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Pyjamas – A More Interesting History than you’d Dream of


Pyjamas, also known as pajamas or PJs, have a long and fascinating history in the world of fashion. From their humble origins as sleepwear to their current status as stylish loungewear, pyjamas have undergone numerous transformations over the years. In this article, we will explore the evolution of pyjamas through history, from their ancient origins to their modern-day designs.

The history of pyjamas dates back thousands of years to ancient civilisations such as the Egyptians, Greeks, and Romans. These early forms of sleepwear were typically made from linen or cotton and were loose-fitting garments that covered the entire body. They were designed to be comfortable and breathable in warm climates, and were often adorned with decorative embroidery or patterns.

During the Middle Ages, sleepwear began to evolve into more practical designs. European monks wore long, loose-fitting robes as they slept, which provided warmth and comfort in the cold, drafty monasteries. These early sleepwear designs eventually gave rise to the nightshirt, a long garment made of cotton or linen that buttoned up the front and covered the entire body.

It wasn’t until the 18th century that pyjamas as we know them today began to emerge. The word “pyjama” is derived from the Hindi word “pajama,” which referred to loose-fitting trousers that were worn by men in India. British colonisers in India adopted this style of clothing and brought it back to Europe, where it eventually became popular as sleepwear.

PJ inspired daywear

The first pyjamas were made of silk and were typically worn by men. They consisted of a loose-fitting shirt and trousers that were tied at the waist with a drawstring. The design was practical for sleeping and lounging, and it quickly caught on as a fashionable alternative to traditional nightshirts.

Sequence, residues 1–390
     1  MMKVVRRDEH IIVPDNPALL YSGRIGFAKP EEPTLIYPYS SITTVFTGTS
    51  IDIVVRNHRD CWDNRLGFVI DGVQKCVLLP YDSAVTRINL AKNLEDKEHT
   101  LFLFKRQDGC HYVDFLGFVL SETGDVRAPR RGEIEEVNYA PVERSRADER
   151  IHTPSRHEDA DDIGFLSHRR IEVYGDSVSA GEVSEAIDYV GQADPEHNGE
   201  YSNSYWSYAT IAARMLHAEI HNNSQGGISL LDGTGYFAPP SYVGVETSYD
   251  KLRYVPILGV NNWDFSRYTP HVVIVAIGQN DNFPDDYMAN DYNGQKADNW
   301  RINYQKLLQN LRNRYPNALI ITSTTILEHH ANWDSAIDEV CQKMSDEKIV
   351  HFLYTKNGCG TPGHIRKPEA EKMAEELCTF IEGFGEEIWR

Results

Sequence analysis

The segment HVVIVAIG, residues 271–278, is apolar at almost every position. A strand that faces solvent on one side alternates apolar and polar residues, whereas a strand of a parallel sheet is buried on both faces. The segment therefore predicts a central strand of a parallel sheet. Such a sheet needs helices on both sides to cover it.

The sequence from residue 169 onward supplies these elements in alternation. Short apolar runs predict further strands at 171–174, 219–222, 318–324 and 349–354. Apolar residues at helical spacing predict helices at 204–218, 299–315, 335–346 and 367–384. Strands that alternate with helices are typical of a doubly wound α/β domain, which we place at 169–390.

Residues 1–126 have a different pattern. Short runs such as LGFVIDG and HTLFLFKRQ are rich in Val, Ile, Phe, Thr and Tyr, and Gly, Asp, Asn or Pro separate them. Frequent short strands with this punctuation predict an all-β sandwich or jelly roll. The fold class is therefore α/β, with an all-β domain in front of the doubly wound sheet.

In the early 20th century, pyjamas became increasingly popular among women. Designers began to experiment with different fabrics and styles, creating pyjamas that were both comfortable and stylish. The 1920s and 1930s saw the rise of the “flapper” style, which featured loose-fitting silk pyjamas with elaborate embroidery and beading. These glamorous pyjamas were often worn as evening wear, paired with high heels and accessories.

1920’s PJ / nightwear inspired – American Museum exhibition

During World War II, pyjamas took on a more practical and utilitarian design. With fabric rationing in effect, pyjamas were made from simple cotton or wool blends and were designed for warmth and comfort rather than style. Women’s pyjamas often featured playful patterns and bright colours, while men’s pyjamas were more understated in design.

In the post-war era, pyjamas continued to evolve with the times. The 1950s saw the rise of the “housecoat,” a type of dressing gown that was worn over pyjamas and served as a stylish alternative to traditional robes. In the 1960s and 1970s, pyjamas became more casual and comfortable, with loose-fitting designs and soft fabrics such as flannel and jersey.

In recent years, pyjamas have become even more versatile in their designs. With the rise of athleisure wear and the increasing popularity of loungewear, pyjamas have become a fashionable choice for both sleepwear and everyday wear. Modern pyjamas are often made from comfortable, stretchy fabrics such as cotton and modal, and feature a range of styles and designs, from classic button-up sets to trendy jumpsuits and rompers.

Overall, the evolution of pyjamas through history reflects the changing attitudes towards sleepwear and fashion. From their practical origins as loose-fitting robes to their current status as stylish loungewear, pyjamas have undergone numerous transformations over the years. So, next time you get into your bed frame and mattress you’ll know more about your pyjamas.

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